JACKSONVILLE, Fla. - As Jacksonville grapples with violent crime, city leaders are hoping new technology and partnerships will help lower the numbers.
So far this year, according to News4Jax records, there have been 60 homicides, 48 of which have been classified as murders.
On Tuesday, the mayor, state attorney and sheriff officially opened the Crime Gun Intelligence Center in downtown Jacksonville. It’s a place where several agencies can use new technology to build intelligence and solve shootings and murders.
Having expert investigators under one roof is already paying off. Though the center is based at the State Attorney's Office, it's not just prosecutors who are involved. They have teamed up with detectives with the Jacksonville Sheriff's Office, as well as Bureau of Alcohol, Tobacco, Firearms and Explosives agents.
"When we are able to link different shootings and gather that evidence and intelligence, it enables ... us to act more quickly and disrupt and then prevent crime," State Attorney Melissa Nelson said.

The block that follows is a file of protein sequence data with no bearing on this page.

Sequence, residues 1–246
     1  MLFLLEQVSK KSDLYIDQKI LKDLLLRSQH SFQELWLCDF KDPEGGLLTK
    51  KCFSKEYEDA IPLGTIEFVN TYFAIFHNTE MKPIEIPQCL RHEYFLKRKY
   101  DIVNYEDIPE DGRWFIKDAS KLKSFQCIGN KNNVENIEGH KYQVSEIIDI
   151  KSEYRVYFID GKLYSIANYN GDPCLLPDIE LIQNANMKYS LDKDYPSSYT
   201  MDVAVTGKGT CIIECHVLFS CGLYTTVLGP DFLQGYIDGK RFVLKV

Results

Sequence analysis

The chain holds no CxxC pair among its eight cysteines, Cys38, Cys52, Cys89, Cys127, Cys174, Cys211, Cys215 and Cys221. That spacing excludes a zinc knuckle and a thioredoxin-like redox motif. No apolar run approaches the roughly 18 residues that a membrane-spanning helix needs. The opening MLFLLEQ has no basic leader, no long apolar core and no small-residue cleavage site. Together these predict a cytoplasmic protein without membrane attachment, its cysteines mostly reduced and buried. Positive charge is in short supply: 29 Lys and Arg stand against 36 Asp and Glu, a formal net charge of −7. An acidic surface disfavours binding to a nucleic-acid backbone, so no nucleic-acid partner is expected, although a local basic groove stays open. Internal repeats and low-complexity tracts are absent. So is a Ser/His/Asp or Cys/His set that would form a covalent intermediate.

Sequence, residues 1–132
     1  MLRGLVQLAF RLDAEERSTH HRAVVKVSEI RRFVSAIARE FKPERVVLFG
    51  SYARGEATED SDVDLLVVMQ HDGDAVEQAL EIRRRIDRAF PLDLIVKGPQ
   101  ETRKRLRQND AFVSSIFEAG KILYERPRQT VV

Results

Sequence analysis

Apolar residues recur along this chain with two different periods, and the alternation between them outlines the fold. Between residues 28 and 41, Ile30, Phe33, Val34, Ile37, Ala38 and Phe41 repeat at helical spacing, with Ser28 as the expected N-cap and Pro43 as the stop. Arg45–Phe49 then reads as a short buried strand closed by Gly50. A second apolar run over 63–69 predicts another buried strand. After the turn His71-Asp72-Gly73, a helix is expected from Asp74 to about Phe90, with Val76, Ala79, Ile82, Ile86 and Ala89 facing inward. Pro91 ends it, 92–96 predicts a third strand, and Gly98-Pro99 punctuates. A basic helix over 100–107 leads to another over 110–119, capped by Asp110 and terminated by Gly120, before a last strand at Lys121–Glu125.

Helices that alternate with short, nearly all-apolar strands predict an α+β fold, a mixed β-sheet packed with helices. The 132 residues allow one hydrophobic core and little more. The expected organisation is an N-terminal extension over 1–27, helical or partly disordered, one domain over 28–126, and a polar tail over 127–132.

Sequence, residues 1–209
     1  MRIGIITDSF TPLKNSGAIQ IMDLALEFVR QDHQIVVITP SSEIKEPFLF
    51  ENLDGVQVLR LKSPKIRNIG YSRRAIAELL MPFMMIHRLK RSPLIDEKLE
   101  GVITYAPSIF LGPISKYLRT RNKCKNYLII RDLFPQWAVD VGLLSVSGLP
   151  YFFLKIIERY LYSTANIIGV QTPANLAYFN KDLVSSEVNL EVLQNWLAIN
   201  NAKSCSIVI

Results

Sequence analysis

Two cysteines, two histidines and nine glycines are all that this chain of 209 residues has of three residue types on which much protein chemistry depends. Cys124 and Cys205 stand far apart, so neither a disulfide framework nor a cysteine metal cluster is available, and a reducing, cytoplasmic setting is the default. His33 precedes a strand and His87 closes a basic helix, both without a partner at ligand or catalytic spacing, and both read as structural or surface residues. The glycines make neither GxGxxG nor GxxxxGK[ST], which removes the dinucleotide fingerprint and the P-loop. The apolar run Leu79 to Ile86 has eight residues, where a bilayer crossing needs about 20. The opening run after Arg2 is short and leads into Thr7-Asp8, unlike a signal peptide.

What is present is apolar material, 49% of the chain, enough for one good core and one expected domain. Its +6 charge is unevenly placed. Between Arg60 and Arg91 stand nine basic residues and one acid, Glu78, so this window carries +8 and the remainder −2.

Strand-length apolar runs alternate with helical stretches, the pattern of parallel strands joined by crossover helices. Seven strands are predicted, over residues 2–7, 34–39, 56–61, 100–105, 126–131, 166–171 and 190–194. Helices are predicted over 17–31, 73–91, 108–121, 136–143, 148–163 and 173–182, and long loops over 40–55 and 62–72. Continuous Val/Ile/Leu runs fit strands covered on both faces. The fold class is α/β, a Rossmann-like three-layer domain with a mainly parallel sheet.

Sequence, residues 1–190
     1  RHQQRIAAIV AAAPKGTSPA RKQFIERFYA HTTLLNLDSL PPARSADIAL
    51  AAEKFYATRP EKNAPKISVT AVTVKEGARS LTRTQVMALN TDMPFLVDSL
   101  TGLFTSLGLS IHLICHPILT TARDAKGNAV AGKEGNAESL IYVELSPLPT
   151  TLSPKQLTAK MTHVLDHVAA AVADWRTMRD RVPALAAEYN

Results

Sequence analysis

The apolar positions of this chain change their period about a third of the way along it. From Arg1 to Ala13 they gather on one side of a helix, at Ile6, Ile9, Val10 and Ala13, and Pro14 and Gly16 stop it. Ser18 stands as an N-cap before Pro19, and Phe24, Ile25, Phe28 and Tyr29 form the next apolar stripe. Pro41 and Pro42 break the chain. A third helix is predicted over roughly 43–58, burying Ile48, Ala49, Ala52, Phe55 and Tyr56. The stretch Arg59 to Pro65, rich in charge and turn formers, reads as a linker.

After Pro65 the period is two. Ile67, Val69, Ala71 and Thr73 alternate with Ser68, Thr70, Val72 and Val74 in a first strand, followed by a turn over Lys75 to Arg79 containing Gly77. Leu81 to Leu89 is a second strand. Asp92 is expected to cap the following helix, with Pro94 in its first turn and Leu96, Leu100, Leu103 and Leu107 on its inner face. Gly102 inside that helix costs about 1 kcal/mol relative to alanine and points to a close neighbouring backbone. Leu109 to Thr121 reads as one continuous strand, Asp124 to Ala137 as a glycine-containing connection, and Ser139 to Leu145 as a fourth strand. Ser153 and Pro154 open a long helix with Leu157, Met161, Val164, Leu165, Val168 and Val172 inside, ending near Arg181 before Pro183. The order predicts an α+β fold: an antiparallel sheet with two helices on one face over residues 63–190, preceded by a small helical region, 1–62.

Jacksonville detectives said technology helped catch a suspected serial shooter in two months.
"This entire process took roughly 60 days," said JSO Asst. Chief Travis Cox.
Gunshot detection from ShotSpotter and a bullet recognition database called NIBIN, the National Integrated Ballistic Information Network, were two key factors in catching 21-year-old Jamin Tolliver, who is accused of killing two men and wounding another in a two-week span.
City leaders describe it as a success story.
"This technology is tremendous in terms of building leads that will lead to a lot of closed cases in the community," Jacksonville Sheriff Mike Williams said.
The Crime Gun Intelligence Center officially opened Tuesday, but the partnership has been in place for months now after the city budgeted $1 million to start the center -- a joint hub for more than 30 investigators.
"We’ve invested in the police officers. We’ve invested in NIBIN. We’ve invested in ShotSpotter," Jacksonville Mayor Lenny Curry said. "Now, we have a lab where we have everybody collaborating together."
The News4Jax I-TEAM was the first to show the plans in 2017 when the I-TEAM visited the ATF and police in Denver. Leaders said they are pleased their investments are coming together.
"We put a lot of things in play over the last couple of years and, as we mentioned during the rollout session, now it is important to let these things work for a safer community," Williams said.
Another way that city leaders are trying to cut down on crime is through the Cure Violence program. The mayor told News4Jax that will be in effect by the first week of June. The program is launching two offices in Jacksonville -- one in Northwest Jacksonville and the other on the Eastside.
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